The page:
I’ll concede from the start: pineapple is not local to Arkansas. At least I use organic pineapple. Pineapple is a treat food, one of those things I buy infrequently and then relish. And it was available, in canned form, when my grandparents were kids. Now that we’ve gotten the question of whether pineapple is seasonal, organic, old-school, and local out of the way, let’s talk cake.
This pineapple upside down cake is probably much lighter and considerably healthier than the ones you remember from childhood, but it is full of great flavor and texture. I have reduced the sugar (the classic recipes are all cloyingly sweet) and used whole-grain pastry flour. I’ve also used a pineapple juice and lime juice reduction to moisten the cake. It’s still dessert, but you can feel a little bit better about serving a slice to your family, and chances are they won’t know it’s a light version. My husband initially told me he just wanted a sliver. Next thing I knew, he was returning for a big slice.
Don’t be off put by the ingredient list. You can put this cake together in about ten minutes or less of active work.
As always, please use organic if you can. I had organic ingredients on hand for everything.
For the bottom (which will become the top!)
- 7-8 slices pineapple in natural juice (See below for what to do with the rest of the can, including the juice!)
- 1-2 tablespoons butter
- 1/8 to 1/4 cup brown sugar
- optional: a few walnut or pecan pieces
The cake batter
- 3 eggs (could use 1 egg and three egg whites)
- 1/2 to 2/3 cup sugar
- 1/4 cup buttermilk or kefir
- 1 cup whole-wheat pastry flour
- 1 to 2 tablespoons ginger
- 1 1/2 teaspoon baking powder
- 1 teaspoon to 1 tablespoon vanilla
- optional: 1 teaspoon lemon or orange extract
- the juice from the large can of pineapple
- about 1/4 cup lime juice (more or less to taste)–Yes, you could use lemon juice instead.
Start by pre-heating the oven to 350 degrees F. Now heat a 10-inch cast iron frying pan on the stovetop. (Yes, any stove and oven-proof pan in the 9 or 10-inch range should work, but the cast iron will give a really good caramel topping with the pineapple.) Add the butter and melt it. Now sprinkle the brown sugar evenly over the surface, taking care to distribute it evenly as you put it down. Don’t try to move it after you sprinkle it on, as you’ll likely lose it to the pan at the end of the process. Turn off the burner (and remove the pan from the stove top if you use an electric range). Put a single slice of pineapple in the very middle and then space the rest of the pineapple evenly around the central slice. If you want, add walnut or pecan pieces in the intervening spaces, including the pineapple slice holes.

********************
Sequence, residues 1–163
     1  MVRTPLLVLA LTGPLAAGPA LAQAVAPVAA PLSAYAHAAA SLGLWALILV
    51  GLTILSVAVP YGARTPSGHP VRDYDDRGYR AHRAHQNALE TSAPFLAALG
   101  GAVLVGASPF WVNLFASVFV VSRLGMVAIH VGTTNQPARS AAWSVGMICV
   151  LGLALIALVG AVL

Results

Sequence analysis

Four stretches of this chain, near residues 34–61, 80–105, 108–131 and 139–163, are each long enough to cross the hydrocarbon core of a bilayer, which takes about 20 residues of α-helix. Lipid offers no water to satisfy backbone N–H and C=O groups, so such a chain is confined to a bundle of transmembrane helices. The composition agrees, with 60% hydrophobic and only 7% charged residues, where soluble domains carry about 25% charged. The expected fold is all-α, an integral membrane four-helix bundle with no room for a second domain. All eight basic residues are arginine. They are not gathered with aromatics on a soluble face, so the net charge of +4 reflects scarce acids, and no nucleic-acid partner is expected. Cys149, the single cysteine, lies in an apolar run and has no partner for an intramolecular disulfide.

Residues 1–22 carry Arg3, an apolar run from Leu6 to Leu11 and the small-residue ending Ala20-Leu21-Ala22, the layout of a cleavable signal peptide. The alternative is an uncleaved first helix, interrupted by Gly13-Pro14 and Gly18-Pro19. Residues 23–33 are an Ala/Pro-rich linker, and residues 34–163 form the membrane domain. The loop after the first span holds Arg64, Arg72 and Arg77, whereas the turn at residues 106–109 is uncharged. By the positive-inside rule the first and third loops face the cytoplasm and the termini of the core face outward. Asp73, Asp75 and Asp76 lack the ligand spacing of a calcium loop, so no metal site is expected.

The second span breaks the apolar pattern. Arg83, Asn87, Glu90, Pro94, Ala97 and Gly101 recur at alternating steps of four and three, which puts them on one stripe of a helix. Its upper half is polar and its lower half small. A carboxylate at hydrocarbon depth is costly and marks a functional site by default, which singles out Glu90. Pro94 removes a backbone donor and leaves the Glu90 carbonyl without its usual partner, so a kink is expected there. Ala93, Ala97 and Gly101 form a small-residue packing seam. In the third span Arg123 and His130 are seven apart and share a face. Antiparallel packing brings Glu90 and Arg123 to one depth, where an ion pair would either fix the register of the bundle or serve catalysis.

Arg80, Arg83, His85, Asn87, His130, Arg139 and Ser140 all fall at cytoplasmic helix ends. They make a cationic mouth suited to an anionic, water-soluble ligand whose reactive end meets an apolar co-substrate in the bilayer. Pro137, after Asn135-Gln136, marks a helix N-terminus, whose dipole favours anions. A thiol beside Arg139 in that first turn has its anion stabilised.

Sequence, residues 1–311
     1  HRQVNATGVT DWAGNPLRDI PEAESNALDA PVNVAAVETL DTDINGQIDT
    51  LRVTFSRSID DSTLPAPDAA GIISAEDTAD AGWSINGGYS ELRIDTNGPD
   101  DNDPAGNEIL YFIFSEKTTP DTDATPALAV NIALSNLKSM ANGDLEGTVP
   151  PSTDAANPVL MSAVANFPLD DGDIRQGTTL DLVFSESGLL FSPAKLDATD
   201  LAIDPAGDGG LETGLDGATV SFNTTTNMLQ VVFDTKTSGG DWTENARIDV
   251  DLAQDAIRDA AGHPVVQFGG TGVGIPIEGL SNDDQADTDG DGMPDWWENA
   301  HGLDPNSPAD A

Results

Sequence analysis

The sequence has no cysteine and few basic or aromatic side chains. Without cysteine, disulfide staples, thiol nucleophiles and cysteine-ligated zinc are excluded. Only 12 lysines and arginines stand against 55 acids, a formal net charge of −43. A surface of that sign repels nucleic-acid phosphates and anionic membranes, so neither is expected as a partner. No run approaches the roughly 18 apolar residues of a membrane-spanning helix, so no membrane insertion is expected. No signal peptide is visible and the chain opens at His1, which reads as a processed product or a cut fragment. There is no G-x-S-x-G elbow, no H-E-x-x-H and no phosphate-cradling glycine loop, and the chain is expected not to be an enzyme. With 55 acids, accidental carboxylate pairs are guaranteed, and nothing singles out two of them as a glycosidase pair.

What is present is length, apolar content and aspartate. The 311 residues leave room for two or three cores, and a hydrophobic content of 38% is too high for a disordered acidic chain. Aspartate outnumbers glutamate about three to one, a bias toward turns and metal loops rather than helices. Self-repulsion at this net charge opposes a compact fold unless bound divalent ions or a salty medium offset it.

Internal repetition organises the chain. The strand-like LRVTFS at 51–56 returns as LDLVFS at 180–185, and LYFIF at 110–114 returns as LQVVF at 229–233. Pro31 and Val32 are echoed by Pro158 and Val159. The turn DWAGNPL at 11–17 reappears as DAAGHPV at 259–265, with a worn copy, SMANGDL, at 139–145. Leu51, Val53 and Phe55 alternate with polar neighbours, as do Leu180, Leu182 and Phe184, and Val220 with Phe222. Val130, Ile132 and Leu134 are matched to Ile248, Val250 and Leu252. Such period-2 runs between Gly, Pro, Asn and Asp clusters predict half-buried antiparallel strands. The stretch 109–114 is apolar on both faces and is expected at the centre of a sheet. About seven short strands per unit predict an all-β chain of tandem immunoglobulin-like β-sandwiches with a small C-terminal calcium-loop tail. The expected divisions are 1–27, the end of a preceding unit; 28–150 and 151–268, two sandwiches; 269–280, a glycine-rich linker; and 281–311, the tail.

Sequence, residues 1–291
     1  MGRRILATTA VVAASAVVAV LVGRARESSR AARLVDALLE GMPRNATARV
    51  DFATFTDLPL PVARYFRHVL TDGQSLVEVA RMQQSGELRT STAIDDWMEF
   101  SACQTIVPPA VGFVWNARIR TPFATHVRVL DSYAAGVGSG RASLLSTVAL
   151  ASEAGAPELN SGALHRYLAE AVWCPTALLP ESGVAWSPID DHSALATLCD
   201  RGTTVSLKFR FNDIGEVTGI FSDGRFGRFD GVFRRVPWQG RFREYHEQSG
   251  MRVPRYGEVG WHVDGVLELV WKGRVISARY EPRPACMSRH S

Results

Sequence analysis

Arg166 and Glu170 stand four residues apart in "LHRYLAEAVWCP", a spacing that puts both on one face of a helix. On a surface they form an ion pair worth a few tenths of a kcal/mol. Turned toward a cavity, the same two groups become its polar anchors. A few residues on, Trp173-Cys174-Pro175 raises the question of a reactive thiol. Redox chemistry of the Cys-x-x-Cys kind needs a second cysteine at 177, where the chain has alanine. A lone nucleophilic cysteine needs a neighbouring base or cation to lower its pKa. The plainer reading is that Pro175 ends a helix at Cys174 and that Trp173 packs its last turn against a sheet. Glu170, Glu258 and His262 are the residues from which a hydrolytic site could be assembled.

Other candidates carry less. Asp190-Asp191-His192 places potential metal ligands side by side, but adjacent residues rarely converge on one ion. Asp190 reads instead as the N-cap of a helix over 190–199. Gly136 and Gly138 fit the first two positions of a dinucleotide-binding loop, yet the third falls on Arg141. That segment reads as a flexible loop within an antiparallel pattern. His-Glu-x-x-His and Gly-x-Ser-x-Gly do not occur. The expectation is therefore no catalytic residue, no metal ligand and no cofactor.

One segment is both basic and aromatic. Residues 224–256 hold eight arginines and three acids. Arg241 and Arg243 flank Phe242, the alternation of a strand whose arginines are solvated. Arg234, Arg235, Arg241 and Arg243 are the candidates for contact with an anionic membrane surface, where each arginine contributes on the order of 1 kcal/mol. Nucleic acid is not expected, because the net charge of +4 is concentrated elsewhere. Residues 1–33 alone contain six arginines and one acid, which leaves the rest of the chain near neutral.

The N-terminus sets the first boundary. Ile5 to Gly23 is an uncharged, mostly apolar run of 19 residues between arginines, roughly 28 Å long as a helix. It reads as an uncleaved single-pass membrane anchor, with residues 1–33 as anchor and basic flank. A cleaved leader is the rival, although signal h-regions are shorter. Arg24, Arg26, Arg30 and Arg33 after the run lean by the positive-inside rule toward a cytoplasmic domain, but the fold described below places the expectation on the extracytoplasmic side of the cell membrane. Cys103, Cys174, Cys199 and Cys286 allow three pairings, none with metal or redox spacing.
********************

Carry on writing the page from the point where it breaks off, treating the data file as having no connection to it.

In a small bowl or large measuring pitcher, beat the eggs lightly. Add the sugar and buttermilk and stir. Then quickly stir in the dry ingredients and the extracts. Pour the cake batter on the pineapple in the frying pan and then pop the whole thing in the oven for 30 minutes.
Meanwhile, put the pineapple and lime juices, starting with less lime juice, in a small, heavy-bottomed pot. (Corning is ideal for this application.) Taste the mixture. Is it a good blend of sweet and sour, a bit more sour? Excellent, because you’re about to reduce and intensify the flavor! If you’re not happy with the flavor, add a bit more lime juice. Now bring the mixture to boil, uncovered. Reduce to a simmer and cook until the mixture is about 1/2 to 1/3 its original volume. This glaze should be ready right about the time the cake comes out.
Has it been 30 minutes? Take out the cake. Let it sit for about 4 minutes–not much longer because it will stick if you leave it. Then slide a knife around the edge to make sure none of the sugar is causing the cake to stick. Using two pot holders, invert the pan on a large, flat plate. Now poke a few holes in the top with a toothpick and pour on the pineapple-lime glaze. Let the cake cool for at least a few minutes before serving. If you’ve made the cake in a round pan, cut it into wedges like pie slices. Eat. Enjoy. Do what my husband did and cut yourself a second slice.
Using the higher levels of butter and sugar, if you made 8 slices from this cake, each slice would have about 260 calories, including almost 6 grams of protein, 2.375 grams fiber, 8.4 grams fat, and 43 grams of sugar. Go easy on it, though, and cut 16 slices, and each one will have just 130 calories, 3 grams protein, 4.2 grams fat, and 21.5 grams of sugar. And if you go with the lesser suggestions on butter and sugar (and I can assure you you won’t miss them!), you’ll drop to less than 100 calories per thin slice.
What to do with the extra pineapple slices
You need a large can of pineapple to get enough slices for this pineapple upside down cake, but you won’t quite use the whole can. We used our extra slices for homemade whole-grain pizza with (turkey, nitrite-free) Canadian bacon and pineapple. By request of a reader in another post, I’ve started adding recipes for my homemade pizza. It’s not pineapple pizza, but that one will be coming soon!
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